Personal Bankruptcy Vs. Business Bankruptcy In Illinois

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When debt problems escalate to a level beyond your control, the last option you have is to file for bankruptcy. Illinois bankruptcy filings is also a common occurrence just like in other states. People file for either personal or business bankruptcy in one of the state’s three bankruptcy courts including the Central District, Southern District, and Northern District Courts. Both personal and business bankruptcy can alleviate one’s financial situation. However, they have some major drawbacks that you should be prepared for if you do decide to go for this route.

Personal Bankruptcy

Personal bankruptcy in Illinois permits individuals to file for bankruptcy under either chapter 7 or chapter 13. In chapter 7 bankruptcy, your slate will be wiped clean, as all your debts will be removed. In exchange, however, your assets will be liquidated. Trusted appointees by the bankruptcy court of Illinois will take care of the sale and distribute the proceeds among the creditors.

Under the Illinois Bankruptcy Exemption Law, certain exemptions can be retained by the debtor. These include homestead of up to $15,000 for residential property, 85 percent of weekly earnings, $2,400 for one vehicle, 100 percent of personal properties (clothes, books, pictures, and so on),  $1,500 in implements and tools of the trade, and up to $4,000 for any other personal property.

In the case of chapter 13 bankruptcy, the debtor is required to reorganize debts through a court-order payment plan that runs from 3 to 5 years. Some of the common causes of bankruptcy in Illinois are unforeseen medical expenses, divorce, job loss, and credit card debts. Any person can file for personal bankruptcy on his own. However, due to the complex nature of this process, it is advised that all individuals seek help from a competent and reliable bankruptcy attorney.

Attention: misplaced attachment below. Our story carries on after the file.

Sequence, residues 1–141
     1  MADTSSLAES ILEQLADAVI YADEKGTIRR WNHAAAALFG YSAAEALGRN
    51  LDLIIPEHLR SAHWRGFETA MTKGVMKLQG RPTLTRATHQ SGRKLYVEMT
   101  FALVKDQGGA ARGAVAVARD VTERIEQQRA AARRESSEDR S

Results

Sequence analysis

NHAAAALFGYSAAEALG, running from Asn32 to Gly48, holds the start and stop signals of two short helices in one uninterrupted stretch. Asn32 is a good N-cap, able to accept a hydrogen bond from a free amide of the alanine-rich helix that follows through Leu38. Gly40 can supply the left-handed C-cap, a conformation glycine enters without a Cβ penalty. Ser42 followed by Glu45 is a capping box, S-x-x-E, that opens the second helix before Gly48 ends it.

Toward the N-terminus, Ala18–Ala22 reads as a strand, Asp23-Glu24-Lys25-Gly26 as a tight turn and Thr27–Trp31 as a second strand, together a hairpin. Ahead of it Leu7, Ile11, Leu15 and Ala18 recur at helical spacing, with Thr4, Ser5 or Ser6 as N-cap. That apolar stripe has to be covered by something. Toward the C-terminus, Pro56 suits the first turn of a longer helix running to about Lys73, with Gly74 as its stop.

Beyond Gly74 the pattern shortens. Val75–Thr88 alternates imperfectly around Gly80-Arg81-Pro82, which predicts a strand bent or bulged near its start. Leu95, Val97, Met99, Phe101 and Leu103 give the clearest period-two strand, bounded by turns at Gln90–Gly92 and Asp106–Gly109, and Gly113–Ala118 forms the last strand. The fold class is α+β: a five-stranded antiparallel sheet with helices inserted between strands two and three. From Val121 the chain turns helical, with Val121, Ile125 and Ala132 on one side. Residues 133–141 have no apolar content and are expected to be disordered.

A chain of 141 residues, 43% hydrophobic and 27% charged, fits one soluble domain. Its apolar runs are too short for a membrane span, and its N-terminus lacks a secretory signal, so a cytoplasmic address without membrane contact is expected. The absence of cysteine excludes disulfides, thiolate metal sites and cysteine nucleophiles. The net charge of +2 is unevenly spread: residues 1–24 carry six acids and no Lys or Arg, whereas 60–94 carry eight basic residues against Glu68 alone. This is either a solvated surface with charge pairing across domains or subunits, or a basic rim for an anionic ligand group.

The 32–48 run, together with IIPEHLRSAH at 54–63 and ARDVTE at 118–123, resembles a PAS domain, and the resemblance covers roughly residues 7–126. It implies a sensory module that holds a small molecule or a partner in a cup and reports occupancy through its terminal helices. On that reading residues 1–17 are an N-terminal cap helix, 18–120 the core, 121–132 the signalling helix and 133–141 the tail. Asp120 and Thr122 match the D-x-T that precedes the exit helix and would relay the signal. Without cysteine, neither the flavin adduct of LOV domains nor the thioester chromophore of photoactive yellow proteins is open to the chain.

Business Bankruptcy

Bankruptcy is available for business through Chapter 9, 11, and 12. In Illinois, Chapter 9 bankruptcy is used for special cases for municipalities. Towns, cities, villages, counties, utility districts, school districts, and even a country can opt for this type of bankruptcy. This entails reorganization and proposal of plan of repayment.

Chapter 11 is a debt-restructuring plan for businesses and commercial enterprises. The debtor will be given 120 days to file a plan for payment reorganization after the order for relief. The purpose of this bankruptcy type is to help the business return to profitability.

Chapter 12, meanwhile, is specifically used by farmers and fisheries. Both independent farmers and fishers, as well as businesses on this field can file for this chapter. In Illinois, this is allowed for farmers whose debts do not go beyond $3,792,650 and for fisheries that do not exceed beyond $1,757,475.

Get Legal Help

Before considering bankruptcy in Illinois, spend enough time and effort in studying other options available. If you do decide to go for this route, make sure you have an experienced lawyer to guide you throughout the process.